Georgia war rooted in US 'self-deceit'
By Gareth Porter
WASHINGTON - The United States policy of absorbing Georgia and Ukraine into the
North Atlantic Treaty Organization (NATO), which was enthusiastically embraced
by Senator Barack Obama and his Democratic running mate Joseph Biden, has
undoubtedly been given a major boost by the Russian military operation in
In the new narrative of the Russia-Georgia war emerging from op-eds and cable
news commentaries, Georgia is portrayed as the innocent victim of Russian
aggression fighting for its independence.
However, the political background to that war raises the troubling question of
why the George W Bush administration failed to heed
warning signs that its policy of NATO expansion right up to Russia's ethnically
troubled border with Georgia was both provocative to Russia and encouraging a
Georgian regime known to be bent on using force to recapture the secessionist
There were plenty of signals that Russia would not acquiesce in the alignment
of a militarily aggressive Georgia with a US-dominated military alliance.
Former Russian president Vladimir Putin (now premier)made no secret of his view
that this represented a move by the United States to infringe on Russia's
security in the South Caucasus region. In February 2007 he asked rhetorically,
"Against whom is this expansion intended?"
Contrary to the portrayal of Russian policy as aimed at absorbing South Ossetia
and Abkhazia into Russia and regime change in Georgia, Moscow had signaled
right up to the eve of the NATO summit its readiness to reach a compromise
along the lines of Taiwan's status in US-China relations: formal recognition of
the sovereignty over the secessionist territories of South Ossetia and Abkhazia
in return for freedom to develop extensive economic and political relations.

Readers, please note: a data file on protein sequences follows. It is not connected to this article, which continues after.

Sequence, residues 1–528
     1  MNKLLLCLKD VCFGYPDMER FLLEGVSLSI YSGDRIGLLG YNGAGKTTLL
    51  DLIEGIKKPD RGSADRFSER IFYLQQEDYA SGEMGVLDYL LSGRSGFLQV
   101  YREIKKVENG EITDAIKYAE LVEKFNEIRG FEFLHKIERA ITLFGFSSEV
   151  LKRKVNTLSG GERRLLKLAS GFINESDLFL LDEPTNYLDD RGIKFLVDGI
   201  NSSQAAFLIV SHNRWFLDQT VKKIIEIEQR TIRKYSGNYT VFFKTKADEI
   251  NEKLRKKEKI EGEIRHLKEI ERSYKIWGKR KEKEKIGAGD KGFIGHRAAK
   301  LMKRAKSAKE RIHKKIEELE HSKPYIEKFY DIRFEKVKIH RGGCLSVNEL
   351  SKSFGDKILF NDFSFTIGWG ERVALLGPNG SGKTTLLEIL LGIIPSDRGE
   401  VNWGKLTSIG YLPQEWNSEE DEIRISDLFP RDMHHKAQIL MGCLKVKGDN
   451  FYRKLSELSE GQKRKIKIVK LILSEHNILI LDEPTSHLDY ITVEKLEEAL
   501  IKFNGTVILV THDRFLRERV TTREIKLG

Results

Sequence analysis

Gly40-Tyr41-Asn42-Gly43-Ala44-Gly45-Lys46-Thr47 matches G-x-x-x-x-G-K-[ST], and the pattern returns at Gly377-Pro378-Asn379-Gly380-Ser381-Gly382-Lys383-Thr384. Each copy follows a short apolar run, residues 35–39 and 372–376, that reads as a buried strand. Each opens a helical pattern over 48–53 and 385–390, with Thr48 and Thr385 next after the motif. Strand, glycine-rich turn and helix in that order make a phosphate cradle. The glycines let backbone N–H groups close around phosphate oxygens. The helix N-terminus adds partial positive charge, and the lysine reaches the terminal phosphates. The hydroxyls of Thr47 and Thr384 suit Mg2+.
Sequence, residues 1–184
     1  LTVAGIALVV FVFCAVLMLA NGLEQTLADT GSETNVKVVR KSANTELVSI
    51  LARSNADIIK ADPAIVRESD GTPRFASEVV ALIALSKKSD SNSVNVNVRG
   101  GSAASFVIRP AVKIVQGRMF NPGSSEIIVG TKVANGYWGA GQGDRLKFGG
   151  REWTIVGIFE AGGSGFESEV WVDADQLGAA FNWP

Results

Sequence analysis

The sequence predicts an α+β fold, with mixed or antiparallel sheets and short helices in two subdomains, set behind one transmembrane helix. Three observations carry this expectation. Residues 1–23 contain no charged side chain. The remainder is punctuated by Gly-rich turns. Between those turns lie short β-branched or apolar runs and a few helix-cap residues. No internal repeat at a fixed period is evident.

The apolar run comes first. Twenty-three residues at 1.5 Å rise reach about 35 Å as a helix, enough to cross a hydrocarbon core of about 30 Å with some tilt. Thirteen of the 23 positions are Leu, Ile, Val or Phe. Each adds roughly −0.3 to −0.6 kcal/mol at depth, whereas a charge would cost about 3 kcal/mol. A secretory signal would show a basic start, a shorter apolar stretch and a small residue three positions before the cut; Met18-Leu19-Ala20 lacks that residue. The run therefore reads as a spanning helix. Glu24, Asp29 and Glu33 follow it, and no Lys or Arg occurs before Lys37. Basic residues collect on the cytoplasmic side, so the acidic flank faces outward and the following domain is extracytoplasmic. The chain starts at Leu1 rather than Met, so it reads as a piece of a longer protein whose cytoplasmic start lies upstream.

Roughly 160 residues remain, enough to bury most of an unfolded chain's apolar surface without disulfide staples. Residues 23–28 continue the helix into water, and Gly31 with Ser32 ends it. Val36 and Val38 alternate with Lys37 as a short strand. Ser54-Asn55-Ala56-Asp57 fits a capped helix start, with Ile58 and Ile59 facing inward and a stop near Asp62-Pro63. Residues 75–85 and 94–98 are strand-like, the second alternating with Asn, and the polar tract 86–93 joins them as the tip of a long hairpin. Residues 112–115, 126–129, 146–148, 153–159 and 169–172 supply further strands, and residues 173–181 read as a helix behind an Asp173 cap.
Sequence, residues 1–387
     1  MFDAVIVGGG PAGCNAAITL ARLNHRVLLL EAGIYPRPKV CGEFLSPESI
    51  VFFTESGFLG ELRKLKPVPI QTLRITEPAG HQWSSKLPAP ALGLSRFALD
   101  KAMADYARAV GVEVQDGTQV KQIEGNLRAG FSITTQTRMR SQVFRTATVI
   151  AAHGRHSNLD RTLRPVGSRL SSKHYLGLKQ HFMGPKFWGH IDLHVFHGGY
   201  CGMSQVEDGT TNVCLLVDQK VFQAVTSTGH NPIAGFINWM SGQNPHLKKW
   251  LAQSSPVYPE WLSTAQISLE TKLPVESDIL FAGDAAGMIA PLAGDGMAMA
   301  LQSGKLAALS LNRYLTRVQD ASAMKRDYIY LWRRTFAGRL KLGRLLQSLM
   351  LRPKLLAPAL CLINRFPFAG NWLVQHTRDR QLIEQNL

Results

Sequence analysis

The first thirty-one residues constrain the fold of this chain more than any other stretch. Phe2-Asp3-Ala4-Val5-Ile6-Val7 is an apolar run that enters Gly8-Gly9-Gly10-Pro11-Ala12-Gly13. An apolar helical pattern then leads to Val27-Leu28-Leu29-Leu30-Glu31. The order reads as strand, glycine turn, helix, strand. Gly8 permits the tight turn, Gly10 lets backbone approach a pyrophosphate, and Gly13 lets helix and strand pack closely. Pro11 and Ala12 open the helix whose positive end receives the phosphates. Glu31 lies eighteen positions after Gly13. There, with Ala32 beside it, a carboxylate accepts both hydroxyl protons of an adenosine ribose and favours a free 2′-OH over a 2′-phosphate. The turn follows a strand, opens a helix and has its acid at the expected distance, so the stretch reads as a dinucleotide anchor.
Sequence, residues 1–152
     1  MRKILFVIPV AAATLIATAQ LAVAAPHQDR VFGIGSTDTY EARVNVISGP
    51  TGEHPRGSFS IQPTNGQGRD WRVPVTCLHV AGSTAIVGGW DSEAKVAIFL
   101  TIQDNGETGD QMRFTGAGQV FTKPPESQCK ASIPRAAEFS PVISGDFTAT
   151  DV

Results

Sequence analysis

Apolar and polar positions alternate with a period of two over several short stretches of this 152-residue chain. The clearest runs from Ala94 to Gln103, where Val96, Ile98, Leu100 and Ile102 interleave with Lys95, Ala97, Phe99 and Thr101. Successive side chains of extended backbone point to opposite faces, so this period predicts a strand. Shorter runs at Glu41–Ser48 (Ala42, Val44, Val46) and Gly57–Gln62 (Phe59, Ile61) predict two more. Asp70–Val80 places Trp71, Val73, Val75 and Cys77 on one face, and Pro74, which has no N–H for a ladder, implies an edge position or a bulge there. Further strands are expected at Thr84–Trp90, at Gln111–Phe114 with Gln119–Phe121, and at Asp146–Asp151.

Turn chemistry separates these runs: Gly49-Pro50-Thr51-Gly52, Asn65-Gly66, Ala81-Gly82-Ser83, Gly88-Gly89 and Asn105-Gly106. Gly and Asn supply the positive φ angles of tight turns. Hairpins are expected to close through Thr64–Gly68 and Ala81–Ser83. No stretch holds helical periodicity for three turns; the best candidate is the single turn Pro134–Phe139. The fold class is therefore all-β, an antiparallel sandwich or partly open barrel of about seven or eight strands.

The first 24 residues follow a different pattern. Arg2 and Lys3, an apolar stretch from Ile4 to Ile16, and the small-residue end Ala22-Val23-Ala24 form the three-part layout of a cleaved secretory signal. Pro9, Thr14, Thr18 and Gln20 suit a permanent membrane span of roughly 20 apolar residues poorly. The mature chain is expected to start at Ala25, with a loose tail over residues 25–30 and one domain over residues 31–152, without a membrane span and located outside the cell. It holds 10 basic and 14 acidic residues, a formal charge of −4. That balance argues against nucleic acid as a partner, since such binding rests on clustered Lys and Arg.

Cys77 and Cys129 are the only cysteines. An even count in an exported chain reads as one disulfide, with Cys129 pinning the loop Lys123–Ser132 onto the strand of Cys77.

But it was conditioned on Georgia staying out of NATO.
That compromise was disdained by Georgian President Mikheil Saakashvili. After
a March 19 speech at the Atlantic Council in Washington, Saakashvili was asked
whether Russia had offered a "Taiwan model" solution in return for Georgia stay
out of NATO. "We have heard many, many suggestions of this sort," he said, but
he insisted, "You cannot compromise on these issues ... "
Russia, meanwhile, had made it clear that it would respond to a move toward
NATO membership for Georgia by moving toward official relations with the
US policymakers had decided long before those developments that the NATO
expansion policy would include Georgia and Ukraine. They convinced themselves
that they weren't threatening Russia but only contributing to a new European
security order that was divorced from the old politics of spheres of interest.
But their view of NATO expansion appears to be marked by self-deception and
naivete. The Bill Clinton administration had abandoned its original notion that
Russia would be a "partner" in post-Cold War European security, and the NATO
expansion policy had evolved into a de facto containment strategy.
Robert Hunter, former US ambassador to NATO in the Clinton administration and
head of a three-year project for the State Department on reform of the Georgian
National Security Council, says the US project of Georgia's membership in NATO
"had to be seen by any serious observer as trying to substitute a Western
sphere of influence for Russian" in that violence-prone border region of the
Some officials "wanted to shore up democracy," said Hunter in an interview,
imagining that NATO was "a kind of glorified Organization for Security and
Cooperation in Europe" - a negotiating and conflict prevention body to which
the Russian Federation belongs.
But there were also some in the administration who "genuinely wanted to contain
the Russians by surrounding them", he added.
James J Townsend, director of the International Security Program at the
Atlantic Council and formerly the Pentagon official in charge of European